Yet my main criticism of The Expatriate Myth is this. Even if she is to be applauded for challenging the myth of “exile”, isn’t Bones in fact flogging a dead horse when she attacks the “nationalists”? For at least the past forty years, it has been one of the great indoor sports of Academe to point out the shortcomings of our old literary nationalists. Indeed this has become the new orthodoxy. We’ve already read Stuart Murray’s Never a Soul at Home (VUP 1998) and Lawrence Jones’ Picking Up the Traces (VUP 2003) and have seen New Zealand literary nationalism dissected by modern sensibilities. We have looked at the left-wing side of things with Rachel Barrowman’s A Popular Vision (VUP 1991) and have heard Fairburn’s and Glover’s generation being scolded for their misogyny and homophobia in Kai Jensen’s Whole Men (AUP 1996). Then there is John Newton’s recent A Hard Frost (VUP 2017), my review of which may be found on Landfall-Review-on-Line, December 2017, at this link https://www.landfallreview.com/a-language-of-subterfuge/#more-3452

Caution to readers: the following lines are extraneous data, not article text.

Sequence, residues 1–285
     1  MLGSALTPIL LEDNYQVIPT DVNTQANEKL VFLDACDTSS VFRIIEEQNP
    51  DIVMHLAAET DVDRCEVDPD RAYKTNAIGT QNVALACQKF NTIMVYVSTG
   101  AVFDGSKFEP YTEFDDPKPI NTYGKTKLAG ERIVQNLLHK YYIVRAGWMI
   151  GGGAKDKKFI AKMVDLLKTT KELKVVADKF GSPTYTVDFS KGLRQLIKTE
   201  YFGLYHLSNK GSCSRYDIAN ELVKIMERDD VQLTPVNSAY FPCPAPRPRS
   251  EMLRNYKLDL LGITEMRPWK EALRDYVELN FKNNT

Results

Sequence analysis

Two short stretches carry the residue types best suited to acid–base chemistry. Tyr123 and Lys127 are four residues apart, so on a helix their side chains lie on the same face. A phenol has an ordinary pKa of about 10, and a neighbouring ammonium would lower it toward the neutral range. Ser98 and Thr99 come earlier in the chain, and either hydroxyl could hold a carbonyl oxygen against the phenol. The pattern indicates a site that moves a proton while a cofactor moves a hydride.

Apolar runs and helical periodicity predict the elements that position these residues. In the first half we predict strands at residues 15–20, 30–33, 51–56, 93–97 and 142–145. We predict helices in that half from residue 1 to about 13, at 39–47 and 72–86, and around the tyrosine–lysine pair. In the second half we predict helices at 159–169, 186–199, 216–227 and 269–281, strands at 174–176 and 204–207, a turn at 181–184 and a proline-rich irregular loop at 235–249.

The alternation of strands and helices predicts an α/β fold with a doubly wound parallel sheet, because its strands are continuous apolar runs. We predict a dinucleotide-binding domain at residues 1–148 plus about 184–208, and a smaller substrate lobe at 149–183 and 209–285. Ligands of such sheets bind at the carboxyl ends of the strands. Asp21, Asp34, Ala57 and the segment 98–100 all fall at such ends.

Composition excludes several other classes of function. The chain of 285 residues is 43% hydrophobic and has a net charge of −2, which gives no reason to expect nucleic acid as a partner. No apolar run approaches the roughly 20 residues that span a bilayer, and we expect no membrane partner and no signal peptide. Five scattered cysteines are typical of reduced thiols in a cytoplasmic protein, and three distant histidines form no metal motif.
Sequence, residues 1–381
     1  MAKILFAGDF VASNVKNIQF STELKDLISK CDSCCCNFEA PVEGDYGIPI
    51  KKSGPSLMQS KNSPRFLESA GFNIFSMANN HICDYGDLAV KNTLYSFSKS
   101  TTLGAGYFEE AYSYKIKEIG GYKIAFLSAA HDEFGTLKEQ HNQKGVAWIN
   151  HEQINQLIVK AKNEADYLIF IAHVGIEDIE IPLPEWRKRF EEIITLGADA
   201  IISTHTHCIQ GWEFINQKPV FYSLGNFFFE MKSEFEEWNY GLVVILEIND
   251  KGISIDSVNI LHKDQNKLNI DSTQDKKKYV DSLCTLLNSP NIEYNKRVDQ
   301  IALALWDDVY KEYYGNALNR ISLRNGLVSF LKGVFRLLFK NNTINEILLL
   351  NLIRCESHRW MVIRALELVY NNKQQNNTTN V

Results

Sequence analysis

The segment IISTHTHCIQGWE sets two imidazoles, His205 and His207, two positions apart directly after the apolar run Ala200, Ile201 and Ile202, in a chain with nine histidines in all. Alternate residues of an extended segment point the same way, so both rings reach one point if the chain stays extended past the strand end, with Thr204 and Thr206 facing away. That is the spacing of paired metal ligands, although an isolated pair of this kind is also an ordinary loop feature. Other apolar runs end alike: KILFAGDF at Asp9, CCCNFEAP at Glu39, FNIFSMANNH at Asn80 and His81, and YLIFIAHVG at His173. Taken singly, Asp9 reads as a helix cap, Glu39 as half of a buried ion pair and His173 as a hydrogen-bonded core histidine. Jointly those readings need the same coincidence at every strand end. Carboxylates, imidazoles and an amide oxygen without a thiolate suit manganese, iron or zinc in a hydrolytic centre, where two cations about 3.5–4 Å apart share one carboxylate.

My chief impression was that Newton was executing a sort of push-back against the current orthodoxy by noting that, for all their perceived masculinism, mysogyny and (possibly) parochialism, the nationalists did bring about some sort of literary renewal in New Zealand. It remains true, after all, that more New Zealand poetry and prose after the 1920s can still be read as living statements and live literature than the poetry and prose before that time, most of which reads as period pieces.

Perhaps the modernists exaggerated the concept of necessary ‘exile’ before their time, but it also remains true (as Bones’ own evidence shows) that many New Zealand writers felt uncomfortable in New Zealand and wanted to at least taste the wider world. And perhaps we should be reminded how much smaller New Zealand’s population was back then (less than one third as large in the 1920s as it is now) and how much longer overseas travel (exclusively by ship) took then than it does now. It was not a case of easily accessing metropolitan culture by instant electronic links, and it was not a case of hopping over to London in a day or two. To leave New Zealand promised a long absence – perhaps permanent – and to stay in New Zealand meant the prospect of missing much international literary culture. The modernists exaggerated and mythologised – but perhaps there is something to be said for their case after all.